The four dozen men in loincloths stopped repeatedly to toss the new boat into the air as they carried it through their village to shore.
Then they launched it ceremoniously into the Pacific Ocean. It was the first launch of a Tao fishing boat in seven years.
For decades the Tao Aborigines of Orchid Island have used colorful canoe-like boats to net flying fish in the warm waters of the Pacific. But now more and more Tao men are migrating to Taiwan’s cities to look for work, leaving fewer to learn how to build the 7m boats. The tribe is also under siege from Taiwan’s majority Han culture.
About 4,000 Tao live on Orchid Island, 62km east of Taiwan’s southern tip. They are among the country’s 460,000 Aborigines — 2 percent of the population — whose ancestors migrated from south Pacific islets starting 6,000 years ago.
Last month, villagers filled the new boat with taro roots. They slaughtered about 40 pigs near the shore for a mass barbecue. Then the men waved their fists angrily at an imaginary enemy to summon strength for the sacred task of launching the boat.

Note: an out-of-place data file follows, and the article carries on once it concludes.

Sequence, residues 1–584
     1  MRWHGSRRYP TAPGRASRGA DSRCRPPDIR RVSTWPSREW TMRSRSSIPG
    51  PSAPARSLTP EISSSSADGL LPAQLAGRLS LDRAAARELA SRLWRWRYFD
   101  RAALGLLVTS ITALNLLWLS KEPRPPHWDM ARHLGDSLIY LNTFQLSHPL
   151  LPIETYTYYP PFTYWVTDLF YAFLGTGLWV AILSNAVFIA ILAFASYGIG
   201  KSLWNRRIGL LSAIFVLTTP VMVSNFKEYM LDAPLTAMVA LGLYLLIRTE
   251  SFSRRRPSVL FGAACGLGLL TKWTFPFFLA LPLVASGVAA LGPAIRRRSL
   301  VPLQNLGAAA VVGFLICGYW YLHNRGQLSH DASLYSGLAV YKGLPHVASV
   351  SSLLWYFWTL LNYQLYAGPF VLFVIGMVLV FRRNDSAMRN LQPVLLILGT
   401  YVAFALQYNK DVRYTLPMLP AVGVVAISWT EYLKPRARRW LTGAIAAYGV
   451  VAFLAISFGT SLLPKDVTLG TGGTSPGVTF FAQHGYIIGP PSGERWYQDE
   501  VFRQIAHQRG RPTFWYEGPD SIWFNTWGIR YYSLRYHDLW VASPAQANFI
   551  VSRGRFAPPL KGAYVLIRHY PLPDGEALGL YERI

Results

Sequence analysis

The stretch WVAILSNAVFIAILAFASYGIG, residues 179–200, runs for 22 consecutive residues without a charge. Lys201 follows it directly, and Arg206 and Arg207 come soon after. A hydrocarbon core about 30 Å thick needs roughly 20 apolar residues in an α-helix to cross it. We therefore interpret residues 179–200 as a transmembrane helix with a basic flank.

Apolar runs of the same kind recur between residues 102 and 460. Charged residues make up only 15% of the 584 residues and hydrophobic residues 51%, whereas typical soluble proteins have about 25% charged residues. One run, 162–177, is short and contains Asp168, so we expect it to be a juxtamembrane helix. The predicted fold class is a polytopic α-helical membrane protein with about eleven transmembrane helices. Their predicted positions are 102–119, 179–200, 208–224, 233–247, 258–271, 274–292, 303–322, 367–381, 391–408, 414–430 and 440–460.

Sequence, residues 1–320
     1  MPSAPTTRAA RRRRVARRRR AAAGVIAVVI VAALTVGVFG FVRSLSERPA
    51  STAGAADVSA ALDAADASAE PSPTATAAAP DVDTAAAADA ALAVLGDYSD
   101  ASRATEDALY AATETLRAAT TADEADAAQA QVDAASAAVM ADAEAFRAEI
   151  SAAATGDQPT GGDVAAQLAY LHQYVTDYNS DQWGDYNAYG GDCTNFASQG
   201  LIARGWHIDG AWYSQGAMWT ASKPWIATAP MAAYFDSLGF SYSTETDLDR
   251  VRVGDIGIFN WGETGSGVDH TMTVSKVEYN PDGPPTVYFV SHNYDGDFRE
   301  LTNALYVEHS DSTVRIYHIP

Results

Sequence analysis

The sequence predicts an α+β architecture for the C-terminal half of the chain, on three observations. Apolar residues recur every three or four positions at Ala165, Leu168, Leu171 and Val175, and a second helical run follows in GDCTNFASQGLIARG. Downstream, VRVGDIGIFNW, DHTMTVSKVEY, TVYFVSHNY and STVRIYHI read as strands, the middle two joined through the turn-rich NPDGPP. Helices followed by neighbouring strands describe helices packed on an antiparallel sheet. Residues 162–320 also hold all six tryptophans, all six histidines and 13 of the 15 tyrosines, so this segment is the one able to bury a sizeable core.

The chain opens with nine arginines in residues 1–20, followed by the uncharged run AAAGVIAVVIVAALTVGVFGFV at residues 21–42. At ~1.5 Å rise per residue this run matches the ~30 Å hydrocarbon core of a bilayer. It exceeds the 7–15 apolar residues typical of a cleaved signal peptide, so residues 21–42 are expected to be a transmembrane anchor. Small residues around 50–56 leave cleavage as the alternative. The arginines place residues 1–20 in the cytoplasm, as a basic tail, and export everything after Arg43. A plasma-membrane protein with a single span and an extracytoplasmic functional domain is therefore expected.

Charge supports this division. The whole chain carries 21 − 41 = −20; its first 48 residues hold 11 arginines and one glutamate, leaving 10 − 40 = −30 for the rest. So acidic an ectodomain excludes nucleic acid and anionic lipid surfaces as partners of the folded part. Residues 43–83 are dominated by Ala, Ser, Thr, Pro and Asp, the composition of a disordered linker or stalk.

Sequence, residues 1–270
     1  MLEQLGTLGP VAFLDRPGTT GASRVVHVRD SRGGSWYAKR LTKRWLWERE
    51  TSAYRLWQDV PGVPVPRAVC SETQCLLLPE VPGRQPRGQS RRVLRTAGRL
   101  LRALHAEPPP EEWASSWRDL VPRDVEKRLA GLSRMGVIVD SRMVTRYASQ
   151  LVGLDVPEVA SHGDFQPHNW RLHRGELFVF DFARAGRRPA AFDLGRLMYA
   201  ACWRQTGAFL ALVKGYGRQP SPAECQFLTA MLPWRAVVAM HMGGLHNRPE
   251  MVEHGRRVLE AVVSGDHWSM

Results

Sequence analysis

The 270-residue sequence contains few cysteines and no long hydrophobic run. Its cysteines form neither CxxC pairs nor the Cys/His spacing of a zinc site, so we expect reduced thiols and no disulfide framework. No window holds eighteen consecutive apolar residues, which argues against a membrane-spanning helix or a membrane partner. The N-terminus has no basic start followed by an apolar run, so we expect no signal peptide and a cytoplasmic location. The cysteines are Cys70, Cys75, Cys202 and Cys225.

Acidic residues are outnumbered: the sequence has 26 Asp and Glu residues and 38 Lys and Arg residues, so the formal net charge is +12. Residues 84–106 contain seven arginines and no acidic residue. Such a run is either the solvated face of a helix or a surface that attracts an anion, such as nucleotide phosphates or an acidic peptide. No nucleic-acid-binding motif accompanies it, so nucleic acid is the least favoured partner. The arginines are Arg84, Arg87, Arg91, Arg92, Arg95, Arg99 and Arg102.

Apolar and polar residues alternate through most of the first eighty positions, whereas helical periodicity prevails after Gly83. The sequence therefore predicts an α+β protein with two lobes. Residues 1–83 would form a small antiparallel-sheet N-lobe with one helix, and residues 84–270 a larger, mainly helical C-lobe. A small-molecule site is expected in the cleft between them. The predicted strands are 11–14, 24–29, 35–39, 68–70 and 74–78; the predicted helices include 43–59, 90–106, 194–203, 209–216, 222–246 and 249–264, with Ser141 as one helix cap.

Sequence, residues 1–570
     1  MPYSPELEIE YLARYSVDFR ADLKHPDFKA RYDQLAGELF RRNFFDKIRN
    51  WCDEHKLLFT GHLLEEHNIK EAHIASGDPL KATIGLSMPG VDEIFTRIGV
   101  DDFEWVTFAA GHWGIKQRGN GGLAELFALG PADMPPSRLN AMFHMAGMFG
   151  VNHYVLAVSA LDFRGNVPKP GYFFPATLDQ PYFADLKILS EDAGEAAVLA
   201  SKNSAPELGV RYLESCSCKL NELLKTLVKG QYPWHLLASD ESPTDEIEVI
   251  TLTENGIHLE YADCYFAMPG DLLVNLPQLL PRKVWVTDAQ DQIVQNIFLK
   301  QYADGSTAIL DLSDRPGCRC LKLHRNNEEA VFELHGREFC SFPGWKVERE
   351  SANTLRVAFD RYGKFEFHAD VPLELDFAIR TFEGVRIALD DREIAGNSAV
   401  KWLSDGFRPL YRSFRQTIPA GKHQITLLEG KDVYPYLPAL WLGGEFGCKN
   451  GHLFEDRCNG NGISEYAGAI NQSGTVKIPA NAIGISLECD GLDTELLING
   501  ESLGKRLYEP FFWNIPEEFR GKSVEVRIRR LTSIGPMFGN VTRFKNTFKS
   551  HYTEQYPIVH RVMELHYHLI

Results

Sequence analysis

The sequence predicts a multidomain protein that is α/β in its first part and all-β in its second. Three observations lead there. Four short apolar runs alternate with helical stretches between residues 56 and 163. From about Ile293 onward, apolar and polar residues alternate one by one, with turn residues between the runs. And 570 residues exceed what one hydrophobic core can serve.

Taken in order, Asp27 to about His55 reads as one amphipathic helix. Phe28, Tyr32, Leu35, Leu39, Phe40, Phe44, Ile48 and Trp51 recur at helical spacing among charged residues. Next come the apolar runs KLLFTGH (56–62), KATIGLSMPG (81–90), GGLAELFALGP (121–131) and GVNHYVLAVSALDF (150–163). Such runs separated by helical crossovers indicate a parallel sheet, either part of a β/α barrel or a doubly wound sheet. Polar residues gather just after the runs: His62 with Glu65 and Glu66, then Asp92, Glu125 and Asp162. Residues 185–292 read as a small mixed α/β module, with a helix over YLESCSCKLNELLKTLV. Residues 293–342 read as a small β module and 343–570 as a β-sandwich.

The launch was the culmination of a process begun three years earlier when fisherman Syman Koten went to Orchid Island to search for the bread tree, dragon eye and other types of wood. The boat is made of 27 wooden planks from five kinds of trees, held in place without any nails or fastening devices.
“I remember my father told me before he died ... I must take up the responsibility to lead our family fishing team,’’ said Koten, 69. “And that is why I built this boat for my family. A big boat that can take 10 of my family members.’’ The boat is decorated with elaborate red, black and white designs, including an eye in the shape of a wheel to guide it on safe journeys.
“The tradition of catching the flying fish has bred an endless culture that should be passed from one generation to another,’’ said Tao cultural researcher Syman Fengaien, 45. (Syman refers to Tao married men.) “So catching flying fish is not only the center of the Tao people’s life, it’s also the core of the Tao culture.’’ Amid the rejoicing, the launch of Koten’s boat served as a reminder of the fragility of the Tao way of life. Koten’s 37-year-old son said his interest in life on the Taiwanese mainland has prevented him from truly practicing Tao culture.
“While I have taken part in the boat building project, I didn’t learn the skills needed to build a boat,’’ said Syman Manidong.